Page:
Becoming a pyrotechnician involves math and physics, according to Ashleigh Russell with Alaska Process Industry Careers Consortium. It’s not just lighting fuses.
“You need to know where to put your fireworks, primary fireworks as well as fallout zone where it’s safe for the crowd,” said Russell.
Another aspect of the job includes many long days, according to Mike Bowen with Lantis Fireworks and Lasers Alaska.
“We set up the equipment, wire the fireworks, load them and then we’ll test our system,” said Bowen. “Then there’s the tear down and clean up afterwards.”
Working as a pyrotechnician is contract based. A technician can earn around 10% of those contracts. Bowen said those contracts can range from $5,000 to $20,000.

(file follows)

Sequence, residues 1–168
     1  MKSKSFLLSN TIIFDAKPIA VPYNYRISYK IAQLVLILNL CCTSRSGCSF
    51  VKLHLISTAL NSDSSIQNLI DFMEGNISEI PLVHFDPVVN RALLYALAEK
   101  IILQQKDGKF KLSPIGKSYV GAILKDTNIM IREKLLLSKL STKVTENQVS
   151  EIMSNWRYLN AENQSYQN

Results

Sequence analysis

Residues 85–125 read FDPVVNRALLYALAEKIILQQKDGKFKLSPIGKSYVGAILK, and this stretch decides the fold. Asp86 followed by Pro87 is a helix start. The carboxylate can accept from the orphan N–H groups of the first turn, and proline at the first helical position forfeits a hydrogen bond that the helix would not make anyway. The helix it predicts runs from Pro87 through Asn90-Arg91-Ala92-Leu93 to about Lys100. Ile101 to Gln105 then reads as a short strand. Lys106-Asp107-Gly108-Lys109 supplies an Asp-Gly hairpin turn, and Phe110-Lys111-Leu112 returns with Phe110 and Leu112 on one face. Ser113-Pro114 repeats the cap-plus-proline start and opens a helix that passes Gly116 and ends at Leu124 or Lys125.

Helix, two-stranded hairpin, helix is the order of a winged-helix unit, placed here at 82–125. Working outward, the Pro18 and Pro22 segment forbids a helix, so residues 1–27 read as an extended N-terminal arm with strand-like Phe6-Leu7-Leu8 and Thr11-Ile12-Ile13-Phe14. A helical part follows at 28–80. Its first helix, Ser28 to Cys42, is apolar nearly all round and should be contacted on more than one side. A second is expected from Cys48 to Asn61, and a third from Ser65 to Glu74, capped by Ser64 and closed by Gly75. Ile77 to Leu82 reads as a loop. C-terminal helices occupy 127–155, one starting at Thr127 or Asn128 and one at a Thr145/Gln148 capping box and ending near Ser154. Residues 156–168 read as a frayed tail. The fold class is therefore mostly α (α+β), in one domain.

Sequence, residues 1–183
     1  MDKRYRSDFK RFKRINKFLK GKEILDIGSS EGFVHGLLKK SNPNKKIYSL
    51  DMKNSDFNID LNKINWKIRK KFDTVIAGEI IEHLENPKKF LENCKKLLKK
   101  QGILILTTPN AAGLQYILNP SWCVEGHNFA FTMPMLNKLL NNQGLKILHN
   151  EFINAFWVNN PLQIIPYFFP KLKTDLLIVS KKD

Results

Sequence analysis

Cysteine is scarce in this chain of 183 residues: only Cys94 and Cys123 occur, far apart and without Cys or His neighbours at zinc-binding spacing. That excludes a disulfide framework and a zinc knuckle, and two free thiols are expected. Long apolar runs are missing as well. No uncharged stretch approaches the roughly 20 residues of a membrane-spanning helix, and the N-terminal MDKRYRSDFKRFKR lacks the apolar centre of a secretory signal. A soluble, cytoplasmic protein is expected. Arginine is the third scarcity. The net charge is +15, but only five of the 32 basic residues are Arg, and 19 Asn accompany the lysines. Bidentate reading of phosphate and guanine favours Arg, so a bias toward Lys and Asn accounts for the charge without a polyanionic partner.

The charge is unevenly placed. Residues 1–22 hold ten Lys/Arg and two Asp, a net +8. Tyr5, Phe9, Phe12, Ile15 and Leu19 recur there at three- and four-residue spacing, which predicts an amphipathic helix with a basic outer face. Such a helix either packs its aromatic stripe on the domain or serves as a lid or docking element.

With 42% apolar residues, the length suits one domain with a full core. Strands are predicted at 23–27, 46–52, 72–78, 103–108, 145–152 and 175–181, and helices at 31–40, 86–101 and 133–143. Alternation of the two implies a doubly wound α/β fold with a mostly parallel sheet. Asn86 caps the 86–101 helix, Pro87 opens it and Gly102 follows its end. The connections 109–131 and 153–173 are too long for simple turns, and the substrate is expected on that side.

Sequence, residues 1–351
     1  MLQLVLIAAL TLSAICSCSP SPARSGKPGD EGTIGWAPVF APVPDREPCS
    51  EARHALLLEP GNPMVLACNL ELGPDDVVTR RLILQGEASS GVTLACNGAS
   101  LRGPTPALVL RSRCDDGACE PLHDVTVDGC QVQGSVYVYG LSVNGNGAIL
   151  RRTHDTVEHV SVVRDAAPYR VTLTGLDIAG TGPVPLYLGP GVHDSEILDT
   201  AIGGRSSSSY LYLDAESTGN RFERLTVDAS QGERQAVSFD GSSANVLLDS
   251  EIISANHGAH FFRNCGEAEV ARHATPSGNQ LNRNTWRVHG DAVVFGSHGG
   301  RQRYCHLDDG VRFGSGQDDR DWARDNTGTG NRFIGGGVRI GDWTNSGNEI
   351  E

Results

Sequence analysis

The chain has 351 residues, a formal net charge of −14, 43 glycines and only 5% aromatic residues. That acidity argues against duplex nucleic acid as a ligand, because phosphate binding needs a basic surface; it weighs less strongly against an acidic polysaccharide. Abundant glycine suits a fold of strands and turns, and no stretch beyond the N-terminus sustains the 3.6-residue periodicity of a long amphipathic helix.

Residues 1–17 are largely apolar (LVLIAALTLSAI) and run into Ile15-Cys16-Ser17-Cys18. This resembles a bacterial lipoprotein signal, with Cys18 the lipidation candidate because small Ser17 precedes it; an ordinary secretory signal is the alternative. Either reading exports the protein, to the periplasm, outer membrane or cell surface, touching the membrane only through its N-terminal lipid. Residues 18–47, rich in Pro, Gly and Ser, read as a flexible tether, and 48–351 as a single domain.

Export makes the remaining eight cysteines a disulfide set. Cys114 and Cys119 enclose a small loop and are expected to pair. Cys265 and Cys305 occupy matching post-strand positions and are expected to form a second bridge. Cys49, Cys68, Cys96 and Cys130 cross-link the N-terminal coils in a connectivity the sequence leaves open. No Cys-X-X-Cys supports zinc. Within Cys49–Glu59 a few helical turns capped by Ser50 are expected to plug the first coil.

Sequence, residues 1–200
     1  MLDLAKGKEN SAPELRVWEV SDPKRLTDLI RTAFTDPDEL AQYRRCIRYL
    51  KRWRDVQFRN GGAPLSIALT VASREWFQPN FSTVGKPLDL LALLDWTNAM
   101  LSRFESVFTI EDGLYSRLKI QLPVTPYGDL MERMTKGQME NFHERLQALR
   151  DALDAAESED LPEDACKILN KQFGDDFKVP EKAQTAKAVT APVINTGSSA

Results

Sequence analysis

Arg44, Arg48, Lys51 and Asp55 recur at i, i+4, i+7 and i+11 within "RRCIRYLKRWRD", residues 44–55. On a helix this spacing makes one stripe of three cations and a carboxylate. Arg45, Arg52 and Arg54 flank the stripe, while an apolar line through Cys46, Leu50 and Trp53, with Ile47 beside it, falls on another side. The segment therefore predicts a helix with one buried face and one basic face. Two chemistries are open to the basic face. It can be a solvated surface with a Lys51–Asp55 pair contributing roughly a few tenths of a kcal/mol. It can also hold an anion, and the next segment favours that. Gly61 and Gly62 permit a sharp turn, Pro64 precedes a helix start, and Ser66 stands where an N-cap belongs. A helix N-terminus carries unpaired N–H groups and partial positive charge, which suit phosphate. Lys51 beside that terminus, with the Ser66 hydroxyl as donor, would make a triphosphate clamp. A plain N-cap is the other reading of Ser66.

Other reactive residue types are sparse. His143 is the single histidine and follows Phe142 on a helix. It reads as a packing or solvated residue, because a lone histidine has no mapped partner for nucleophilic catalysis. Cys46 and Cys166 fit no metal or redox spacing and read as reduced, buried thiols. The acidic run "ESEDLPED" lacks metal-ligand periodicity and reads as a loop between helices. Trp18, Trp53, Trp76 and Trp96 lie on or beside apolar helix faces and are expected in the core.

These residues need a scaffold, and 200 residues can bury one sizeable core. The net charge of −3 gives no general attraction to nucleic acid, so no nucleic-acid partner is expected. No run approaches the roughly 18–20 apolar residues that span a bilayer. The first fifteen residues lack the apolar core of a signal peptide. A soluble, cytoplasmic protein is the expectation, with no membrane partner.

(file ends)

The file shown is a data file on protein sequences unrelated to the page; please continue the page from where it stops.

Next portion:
The skills learned in launching fireworks also translate to jobs in mining and construction, Russell said. The physics and arithmetic used when working with fireworks is equivalent to jobs with Usibelli Coal Mine, for example.
To start a career as a “pyro,” a person would have to take the Alaska state fireworks exam to get a license to operate. Lantis is currently accepting applications. Bowen mentioned that larger companies in the Lower 48 offer classroom training for pyrotechnicians.
For more information, visit APICC’s website.